What Does "Under Contract" Mean?

Published on September 6, 2023 | 5 Minute read



Ortiz Reyes

Content Specialist

When browsing through real estate listings, you might come across the term "under contract" next to a property. This phrase often raises questions about the status of the home and whether it is still available for purchase. It might even deter you from inquiring about the property. But does "under contract" also mean "off market"?


What Does "Under Contract" Mean?

When a property is listed as "under contract," it means that a buyer and a seller have agreed to the terms and conditions of a purchase agreement. This agreement outlines the specifics of the transaction, including the purchase price, closing date, and any contingencies or conditions that must be met for the sale to proceed. Essentially, when a home is under contract, it signifies that the seller has accepted an offer from a potential buyer, and both parties are now legally bound by the terms of the contract.

The Process

  1. Showings - The journey towards a property being under contract begins when a homeowner decides to sell it. Once listed, the property is actively marketed, and potential buyers schedule showings to view the home.
  2. Negotiations - After viewing the property, a buyer may decide to make an offer, typically through their real estate agent. The offer includes the proposed purchase price, any contingencies, and a timeframe for the seller to respond.
  3. Acceptance of Offer - The seller has three options when they receive an offer: accept it as-is, reject it outright, or counteroffer with modified terms. If both parties agree to the terms, the offer becomes a legally binding contract. This is when the property gets marked as "under contract." 


What Happens When a Property Is "Under Contract"?


  • Inspections and Contingencies - The contract often includes contingencies, such as inspections, financing, or the sale of the buyer's current home. These contingencies protect both parties and allow the buyer to back out of the contract if certain conditions aren't met.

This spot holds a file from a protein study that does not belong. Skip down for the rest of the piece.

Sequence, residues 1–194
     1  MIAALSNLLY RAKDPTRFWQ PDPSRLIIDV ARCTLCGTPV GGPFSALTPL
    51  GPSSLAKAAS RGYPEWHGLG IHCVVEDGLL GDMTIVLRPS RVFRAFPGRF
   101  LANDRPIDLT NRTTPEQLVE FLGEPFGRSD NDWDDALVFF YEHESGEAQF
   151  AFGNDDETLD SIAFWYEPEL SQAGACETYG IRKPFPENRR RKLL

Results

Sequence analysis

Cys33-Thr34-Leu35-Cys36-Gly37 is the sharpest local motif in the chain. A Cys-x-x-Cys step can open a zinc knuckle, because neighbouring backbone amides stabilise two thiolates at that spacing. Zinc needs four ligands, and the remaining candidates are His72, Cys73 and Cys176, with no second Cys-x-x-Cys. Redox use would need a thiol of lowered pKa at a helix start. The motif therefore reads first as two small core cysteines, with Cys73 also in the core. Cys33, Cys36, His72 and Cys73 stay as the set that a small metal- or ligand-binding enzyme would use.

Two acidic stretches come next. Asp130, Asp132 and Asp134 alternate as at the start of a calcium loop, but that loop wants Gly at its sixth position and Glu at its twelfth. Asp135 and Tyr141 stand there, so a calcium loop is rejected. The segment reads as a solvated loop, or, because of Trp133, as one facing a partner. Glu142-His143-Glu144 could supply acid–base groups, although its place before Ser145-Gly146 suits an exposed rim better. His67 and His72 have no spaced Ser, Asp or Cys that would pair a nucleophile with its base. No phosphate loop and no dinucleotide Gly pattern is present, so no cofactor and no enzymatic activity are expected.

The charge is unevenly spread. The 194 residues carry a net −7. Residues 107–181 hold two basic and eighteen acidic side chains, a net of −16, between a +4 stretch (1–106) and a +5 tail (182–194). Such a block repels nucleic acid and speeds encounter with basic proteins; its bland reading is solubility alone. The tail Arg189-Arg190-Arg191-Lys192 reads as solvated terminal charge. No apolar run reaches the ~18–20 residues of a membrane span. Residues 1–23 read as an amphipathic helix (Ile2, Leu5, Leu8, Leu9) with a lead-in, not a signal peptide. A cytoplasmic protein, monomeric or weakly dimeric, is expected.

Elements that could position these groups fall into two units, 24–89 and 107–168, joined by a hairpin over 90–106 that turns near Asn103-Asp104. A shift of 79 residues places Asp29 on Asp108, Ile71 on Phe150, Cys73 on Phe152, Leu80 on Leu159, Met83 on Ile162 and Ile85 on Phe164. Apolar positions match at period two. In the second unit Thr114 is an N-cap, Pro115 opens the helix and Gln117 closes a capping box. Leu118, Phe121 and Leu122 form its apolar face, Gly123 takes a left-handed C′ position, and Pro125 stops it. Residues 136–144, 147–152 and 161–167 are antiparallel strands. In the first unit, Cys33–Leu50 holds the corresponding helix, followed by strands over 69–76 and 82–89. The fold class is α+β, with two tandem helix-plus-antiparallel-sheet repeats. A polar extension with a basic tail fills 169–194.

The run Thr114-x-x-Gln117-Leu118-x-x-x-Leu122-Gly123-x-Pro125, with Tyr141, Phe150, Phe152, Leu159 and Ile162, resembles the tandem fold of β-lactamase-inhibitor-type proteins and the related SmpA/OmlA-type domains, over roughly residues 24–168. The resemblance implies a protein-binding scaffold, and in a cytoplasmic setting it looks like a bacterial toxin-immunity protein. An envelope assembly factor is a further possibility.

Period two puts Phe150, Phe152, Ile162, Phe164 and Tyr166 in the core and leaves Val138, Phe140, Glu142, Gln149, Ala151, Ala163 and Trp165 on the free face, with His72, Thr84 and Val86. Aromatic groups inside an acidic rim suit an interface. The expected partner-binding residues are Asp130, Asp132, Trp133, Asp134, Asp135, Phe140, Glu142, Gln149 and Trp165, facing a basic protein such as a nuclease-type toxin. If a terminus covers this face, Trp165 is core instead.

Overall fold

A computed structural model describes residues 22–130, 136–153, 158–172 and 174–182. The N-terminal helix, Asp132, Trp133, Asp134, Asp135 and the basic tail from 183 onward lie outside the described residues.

• Withdrawal from the Market - While under contract, the seller usually ceases actively marketing the property. However, this does not mean the property is entirely off the market. In some cases, sellers and their agents may consider accepting backup offers while a property is under contract. This allows for a potential replacement buyer should the current contract fall through.
  • Earnest Money - The buyer typically provides earnest money, a deposit that shows their commitment to the purchase. If the buyer backs out without a valid reason, the seller may keep the earnest money.
  • Appraisal and Financing - The buyer's lender will request an appraisal to determine the property's value. Additionally, the buyer will work on securing financing based on the agreed-upon terms.
  • Title Search and Closing Preparation - The title company conducts a title search to make sure there are no issues with the property's ownership. Meanwhile, both parties prepare for the closing, where ownership officially transfers from the seller to the buyer.


Is the Home Off the Market When it's Under Contract?

The answer to this question is a bit nuanced. Although a home under contract is not actively marketed, it is not entirely off the market until the sale is finalized. The listing status is often changed to "Pending" or "Under Contract," which indicates to other potential buyers and real estate agents that the property is spoken for. If a property falls out of the contract, it will return to an active listing status, and interested parties can schedule showings again.

Some properties might include a "Contingent" label to signal that the contract is not yet finalized due to outstanding contingencies. These are the most common:

  • Inspection Contingencies - Upon discovering significant issues during the inspection process, the buyer may request repairs or negotiate a price reduction. If the parties cannot reach an agreement, the buyer can terminate the contract, making the property available again.
  • Financing Contingencies - If the buyer fails to secure financing within the agreed-upon timeline and terminates the contract as a result, the home may return to the active market.


"Under Contract" is a significant milestone that signifies a buyer and seller have reached an agreement on the sale of a property and are progressing towards closing. While it doesn't mean the home is completely off the market, it does indicate that the property is effectively reserved for the buyer while the necessary steps are taken to complete the transaction. So, don't get too discouraged when you see the words "under contract" next to a listing you really like. Inquire about it; you never know if the deal will fall through.


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